Reclamation works for first phase of Tuas port three-quarters done

ST VIDEO: ZHAKI ABDULLAH

SINGAPORE - Reclamation works for the first phase of the Tuas port are three-quarters complete, with the last of the caissons - 15,000-tonne structures that form wharves - being installed on Tuesday afternoon (April 23).

The installation of the 221st structure - the caissons make up some 8.6km of seawalls at Tuas - puts the construction of the first phase of the mega-port on track to be completed in 2021.

The Maritime and Port Authority of Singapore (MPA) is on track to hand over the land required for PSA Corporation to start building the container terminals, with the first two berths to start operating by 2021, said MPA chief executive Quah Ley Hoon at the event.

She noted the first phase - a $2.42-billion project by DIAP-Daelim, a joint venture between Belgian firm Dredging International Asia Pacific and Korean outfit Daelim Industrial - will have 21 deep-water berths, which will allow the port to handle about 20 million 20ft equivalent units (TEUs) of cargo annually.

Among the innovations used in the construction was the TemaRock, a rock mound construction vessel developed for the Tuas project by DIAP-Daelim.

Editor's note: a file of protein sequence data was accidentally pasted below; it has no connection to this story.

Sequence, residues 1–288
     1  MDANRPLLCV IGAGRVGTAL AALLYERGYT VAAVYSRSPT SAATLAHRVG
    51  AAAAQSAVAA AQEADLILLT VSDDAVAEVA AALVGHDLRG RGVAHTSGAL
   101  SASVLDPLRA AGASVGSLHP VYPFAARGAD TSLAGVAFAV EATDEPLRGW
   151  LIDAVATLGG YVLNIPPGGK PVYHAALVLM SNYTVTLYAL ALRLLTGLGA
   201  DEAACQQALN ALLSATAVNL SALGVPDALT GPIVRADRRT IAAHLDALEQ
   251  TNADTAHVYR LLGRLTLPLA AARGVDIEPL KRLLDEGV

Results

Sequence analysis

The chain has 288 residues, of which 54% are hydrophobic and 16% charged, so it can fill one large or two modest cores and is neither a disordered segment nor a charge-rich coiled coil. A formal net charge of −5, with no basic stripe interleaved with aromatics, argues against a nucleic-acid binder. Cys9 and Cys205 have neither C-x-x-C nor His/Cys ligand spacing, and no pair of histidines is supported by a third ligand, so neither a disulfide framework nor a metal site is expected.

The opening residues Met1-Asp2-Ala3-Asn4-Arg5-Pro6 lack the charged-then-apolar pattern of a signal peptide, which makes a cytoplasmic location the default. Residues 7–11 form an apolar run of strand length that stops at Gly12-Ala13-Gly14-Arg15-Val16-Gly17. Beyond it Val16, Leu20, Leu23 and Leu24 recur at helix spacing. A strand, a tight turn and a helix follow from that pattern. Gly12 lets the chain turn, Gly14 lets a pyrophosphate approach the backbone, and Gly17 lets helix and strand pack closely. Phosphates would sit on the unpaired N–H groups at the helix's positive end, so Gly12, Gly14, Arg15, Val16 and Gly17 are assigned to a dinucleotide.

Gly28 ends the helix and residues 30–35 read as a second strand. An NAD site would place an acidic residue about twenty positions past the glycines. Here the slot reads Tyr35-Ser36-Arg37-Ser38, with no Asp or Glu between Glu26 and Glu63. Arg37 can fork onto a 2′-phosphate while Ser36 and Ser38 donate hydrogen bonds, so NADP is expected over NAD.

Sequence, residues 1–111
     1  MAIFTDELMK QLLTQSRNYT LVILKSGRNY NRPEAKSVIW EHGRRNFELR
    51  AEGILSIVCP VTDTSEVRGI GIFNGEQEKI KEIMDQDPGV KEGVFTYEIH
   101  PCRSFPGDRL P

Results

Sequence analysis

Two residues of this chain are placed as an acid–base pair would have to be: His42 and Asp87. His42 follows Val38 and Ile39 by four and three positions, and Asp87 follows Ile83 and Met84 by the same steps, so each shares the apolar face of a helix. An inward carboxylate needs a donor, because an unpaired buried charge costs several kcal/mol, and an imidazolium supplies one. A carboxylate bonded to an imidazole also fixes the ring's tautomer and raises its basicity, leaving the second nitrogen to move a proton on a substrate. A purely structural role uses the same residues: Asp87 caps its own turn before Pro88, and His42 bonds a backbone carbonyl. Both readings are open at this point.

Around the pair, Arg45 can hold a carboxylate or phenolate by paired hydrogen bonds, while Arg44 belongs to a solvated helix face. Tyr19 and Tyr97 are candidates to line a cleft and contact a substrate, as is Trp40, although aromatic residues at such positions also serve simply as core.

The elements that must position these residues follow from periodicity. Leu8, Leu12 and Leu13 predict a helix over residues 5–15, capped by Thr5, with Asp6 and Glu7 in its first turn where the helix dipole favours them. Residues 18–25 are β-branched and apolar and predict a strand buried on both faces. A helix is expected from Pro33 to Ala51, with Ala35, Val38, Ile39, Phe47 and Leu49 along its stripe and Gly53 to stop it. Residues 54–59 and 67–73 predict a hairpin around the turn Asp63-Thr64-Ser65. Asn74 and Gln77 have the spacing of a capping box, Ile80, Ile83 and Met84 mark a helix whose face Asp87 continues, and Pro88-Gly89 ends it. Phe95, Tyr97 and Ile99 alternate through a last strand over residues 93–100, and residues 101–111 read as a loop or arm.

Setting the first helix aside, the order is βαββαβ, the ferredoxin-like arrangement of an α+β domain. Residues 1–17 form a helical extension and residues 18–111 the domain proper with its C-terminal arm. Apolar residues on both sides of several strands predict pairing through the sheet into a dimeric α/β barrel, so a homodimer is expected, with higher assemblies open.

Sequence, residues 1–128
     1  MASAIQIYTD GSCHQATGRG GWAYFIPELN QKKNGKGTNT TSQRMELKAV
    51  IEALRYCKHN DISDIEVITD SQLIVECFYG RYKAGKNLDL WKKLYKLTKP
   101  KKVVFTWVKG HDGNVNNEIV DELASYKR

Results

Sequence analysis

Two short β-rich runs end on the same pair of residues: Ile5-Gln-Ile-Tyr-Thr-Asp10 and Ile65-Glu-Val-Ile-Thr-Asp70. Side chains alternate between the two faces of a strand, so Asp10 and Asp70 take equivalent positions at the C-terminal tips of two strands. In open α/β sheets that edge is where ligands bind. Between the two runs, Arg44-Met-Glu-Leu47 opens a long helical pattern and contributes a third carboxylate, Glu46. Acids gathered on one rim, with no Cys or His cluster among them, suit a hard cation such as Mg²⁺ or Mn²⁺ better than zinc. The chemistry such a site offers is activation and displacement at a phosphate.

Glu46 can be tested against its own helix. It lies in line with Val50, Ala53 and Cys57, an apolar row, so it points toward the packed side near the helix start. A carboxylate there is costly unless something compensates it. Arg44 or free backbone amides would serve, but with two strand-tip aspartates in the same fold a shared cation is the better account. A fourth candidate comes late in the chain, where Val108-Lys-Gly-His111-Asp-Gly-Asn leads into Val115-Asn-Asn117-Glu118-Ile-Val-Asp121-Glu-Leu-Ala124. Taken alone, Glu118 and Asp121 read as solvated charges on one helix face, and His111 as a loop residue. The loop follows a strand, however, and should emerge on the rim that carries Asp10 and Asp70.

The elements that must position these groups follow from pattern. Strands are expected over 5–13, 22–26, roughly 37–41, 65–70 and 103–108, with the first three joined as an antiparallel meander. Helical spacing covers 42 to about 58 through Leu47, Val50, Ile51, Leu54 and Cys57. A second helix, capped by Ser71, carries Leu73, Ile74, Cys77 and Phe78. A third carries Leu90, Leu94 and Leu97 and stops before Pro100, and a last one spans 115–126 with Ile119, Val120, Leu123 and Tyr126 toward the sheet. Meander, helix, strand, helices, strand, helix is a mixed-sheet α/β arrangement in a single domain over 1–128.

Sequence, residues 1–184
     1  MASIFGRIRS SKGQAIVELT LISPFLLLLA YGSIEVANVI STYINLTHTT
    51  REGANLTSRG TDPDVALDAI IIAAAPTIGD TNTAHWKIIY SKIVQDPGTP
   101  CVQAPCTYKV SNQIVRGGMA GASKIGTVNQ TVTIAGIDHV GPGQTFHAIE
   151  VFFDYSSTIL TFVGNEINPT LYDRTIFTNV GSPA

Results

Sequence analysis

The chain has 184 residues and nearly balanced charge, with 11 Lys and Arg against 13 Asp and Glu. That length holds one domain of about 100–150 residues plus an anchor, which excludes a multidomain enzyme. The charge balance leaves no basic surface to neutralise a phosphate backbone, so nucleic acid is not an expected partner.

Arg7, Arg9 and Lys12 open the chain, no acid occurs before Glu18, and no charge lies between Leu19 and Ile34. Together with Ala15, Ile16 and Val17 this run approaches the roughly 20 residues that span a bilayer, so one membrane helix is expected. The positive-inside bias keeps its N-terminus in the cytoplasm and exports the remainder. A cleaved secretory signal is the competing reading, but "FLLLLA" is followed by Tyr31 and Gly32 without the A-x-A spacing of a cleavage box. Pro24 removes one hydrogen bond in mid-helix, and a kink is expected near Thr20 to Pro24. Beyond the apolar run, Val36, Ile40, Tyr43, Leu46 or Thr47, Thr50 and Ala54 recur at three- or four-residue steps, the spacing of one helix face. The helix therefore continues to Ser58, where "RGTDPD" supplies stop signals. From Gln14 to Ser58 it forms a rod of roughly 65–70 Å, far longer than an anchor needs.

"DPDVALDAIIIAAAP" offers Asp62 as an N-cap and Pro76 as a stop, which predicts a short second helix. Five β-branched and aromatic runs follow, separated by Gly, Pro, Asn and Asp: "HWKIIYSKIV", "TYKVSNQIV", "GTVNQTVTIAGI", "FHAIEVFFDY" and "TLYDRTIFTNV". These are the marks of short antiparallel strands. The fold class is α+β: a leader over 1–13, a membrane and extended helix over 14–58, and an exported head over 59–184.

Caissons are typically placed on rock mounds on the sea floor.

These rock mounds would usually require four vessels, 45 workers including divers, and up to 132 hours to construct for a project as big as the first phase of the Tuas port.

 
 
 

The TemaRock - a name made up of Temasek and rock - does the work of all four vessels, and required only 66 hours to construct the rock mounds with only eight workers, without needing divers.

A special machine was also used to bend and cut reinforcement steel bars, which are used to strengthen concrete. The process is usually done manually, exposing workers to hazards.

Solutions such as these helped make the construction work safer and more efficient, said Ms Quah.

Minister for Transport Khaw Boon Wan, who witnessed the installation of the final caisson, congratulated the engineering team and commended their spirit of innovation.

In her speech, Ms Quah said the Tuas port must be a smarter one, catering to the shipping landscape of the future, and noted MPA is working with partners to develop new digital systems for Singapore's port.

When fully operational in the 2040s, the new port is expected to be able to handle some 65 million TEUs.

"This will strengthen our global hub port status and more importantly, allow us to plug into the growing intra-Asia trade and global supply chain," said Ms Quah.